Beverly Cobain & Jean Larch, Hazeldon, 2006.
Excellent healing guide for survivors of suicide. Recognizing that grief work is personal and unique in each individual,
this book is recommended as a beacon of hope and understanding to those who have suffered the pain and loss of a loved one to suicide.
Guiding Your Child Through Grief
Mary Ann Emswiler, M.A., M.P.S. & James P. Emswiller, M.A., M.Ed., 2000, Bantam.
Backed by the latest research in child psychology and filled with case histories, this title answers questions that parents and caregivers need to ask,
such as: Is it normal for a child to act as if nothing has happened? Is an infant too little to understand the loss of a parent?
Do children blame themselves for the death of a family member? Should I worry about a child committing suicide after a death in the family?
Healing the Grieving Child’s Heart: 100 Practical Ideas for Families, Friends & Caregivers
Alan Wolfelt, Ph.D., 2000, Companion Press.
Helpful to adults to understand grief and mourning in children.
Healing the Hurt Spirit: Daily Affirmations for People Who Have Lost a Loved One to Suicide
Catherine Greenleaf, 2007, St. Dymphna Press.
A unique book consisting of 365 daily affirmations, Greenleaf draws from her personal experience as a survivor as well as her professional experience in death education.
Each day consists of a topic specific to survivors, along with a related thought for meditational purposes. This is an inspirational and meaningful book for survivors.
Please contact St. Dymphna Press (http://www.healingthehurtspirit.com/) for more information about this book.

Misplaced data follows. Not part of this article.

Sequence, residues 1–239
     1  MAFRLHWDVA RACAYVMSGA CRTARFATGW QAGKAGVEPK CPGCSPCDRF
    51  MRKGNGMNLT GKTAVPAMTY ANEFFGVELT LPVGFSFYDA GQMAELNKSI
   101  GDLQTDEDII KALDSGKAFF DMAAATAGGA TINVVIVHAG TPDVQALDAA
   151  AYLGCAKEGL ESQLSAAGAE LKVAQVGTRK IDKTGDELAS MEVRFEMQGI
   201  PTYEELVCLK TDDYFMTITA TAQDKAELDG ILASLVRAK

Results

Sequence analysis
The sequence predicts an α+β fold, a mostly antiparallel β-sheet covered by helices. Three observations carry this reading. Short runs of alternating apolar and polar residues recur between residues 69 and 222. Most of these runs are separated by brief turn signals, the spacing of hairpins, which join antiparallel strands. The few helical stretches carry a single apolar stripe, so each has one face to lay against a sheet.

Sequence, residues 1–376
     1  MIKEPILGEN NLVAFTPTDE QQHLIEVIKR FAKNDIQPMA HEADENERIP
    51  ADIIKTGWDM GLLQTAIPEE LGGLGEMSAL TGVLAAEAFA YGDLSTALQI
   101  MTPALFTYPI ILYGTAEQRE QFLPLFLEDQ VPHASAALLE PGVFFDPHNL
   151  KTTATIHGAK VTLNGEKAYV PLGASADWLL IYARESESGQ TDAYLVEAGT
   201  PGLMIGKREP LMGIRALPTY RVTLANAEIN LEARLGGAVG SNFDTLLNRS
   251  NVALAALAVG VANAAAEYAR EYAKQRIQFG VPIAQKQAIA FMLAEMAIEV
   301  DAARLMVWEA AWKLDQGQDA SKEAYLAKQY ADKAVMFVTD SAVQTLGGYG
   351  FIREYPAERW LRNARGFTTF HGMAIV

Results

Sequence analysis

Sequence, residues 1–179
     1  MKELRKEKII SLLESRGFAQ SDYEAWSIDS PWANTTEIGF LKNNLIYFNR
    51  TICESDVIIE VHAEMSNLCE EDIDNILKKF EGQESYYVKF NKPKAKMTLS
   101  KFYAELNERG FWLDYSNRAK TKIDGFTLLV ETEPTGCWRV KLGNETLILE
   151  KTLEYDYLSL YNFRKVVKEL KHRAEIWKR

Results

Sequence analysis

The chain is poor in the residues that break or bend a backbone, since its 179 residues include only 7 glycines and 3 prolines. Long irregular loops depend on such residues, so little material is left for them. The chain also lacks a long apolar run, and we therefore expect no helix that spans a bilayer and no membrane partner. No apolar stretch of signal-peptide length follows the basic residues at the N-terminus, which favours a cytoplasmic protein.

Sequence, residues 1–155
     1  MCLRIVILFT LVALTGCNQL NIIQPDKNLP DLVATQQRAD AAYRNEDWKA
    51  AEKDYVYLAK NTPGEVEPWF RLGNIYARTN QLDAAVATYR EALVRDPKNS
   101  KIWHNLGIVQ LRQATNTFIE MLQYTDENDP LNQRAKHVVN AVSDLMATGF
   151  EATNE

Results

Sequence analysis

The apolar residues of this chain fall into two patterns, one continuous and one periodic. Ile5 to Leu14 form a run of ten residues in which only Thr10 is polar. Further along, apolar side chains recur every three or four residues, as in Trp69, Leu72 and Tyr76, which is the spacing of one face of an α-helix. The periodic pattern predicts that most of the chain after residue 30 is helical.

Healing Your Grieving Heart for Kids
Alan Wolfelt, Ph.D., 2000, Companion Press.
Helpful for families with children ages 6 to 12 who have lost a loved one.
His Bright Light: The Story of Nick Traina
Danielle Steel, 1998, Delacote Press.
At once a loving legacy and an unsparing depiction of a devastating illness, Danielle Steel’s tribute to her lost son is a gift of hope, healing, and understanding to us all.
History of a Suicide: My Sister’s Unfinished Life
Jill Bialosky, 2011, Atria Books.
The unexpected loss of a sibling is always shattering, but when suicide is the cause, grief is rendered more complicated and haunting. The death of novelist, poet, and editor Bialosky’s much younger sister,
Kim, at age 21 in 1990 was one grim loss among many.
Ready AAS Review
How I Stayed Alive When My Brain Was Trying to Kill Me
Susan Rose Blauner, 2002, William Morrow, First Edition.
The book is a “how to” guide on coping with suicidal thoughts by Susan Rose Blauner, someone who struggled for years with suicidal thoughts and behavior of her own.
In the Wake of Suicide:
Stories of the People Left Behind
Victoria Alexander, 1998, Jossey-Bass.
The stories in this book chronicle individual journeys through grief after suicide — from the initial
impact of the loss to its place in the survivor’s lives years later. The intent of the book is to help
survivors give voice and meaning to their loss.
Life and Loss: A Guide to Help
Linda Goldman, 1994, Taylor & Francis.
An information guide for helping children deal with general grief issues, as well as hands-on techniques for grief resolution. Useful for parents as well as clinical sessions by mental health professionals.
Mourning After Suicide (Looking Up)
Lois A. Bloom, 1986, Pilgrim Press.
Originally published in 1986, the information presented is as useful today as it was then. A small, easy to read work, which provides practical information on
grieving a death by suicide. The author draws on her own experience of losing a son to suicide,
experts writing on suicidology, and her own spiritual beliefs.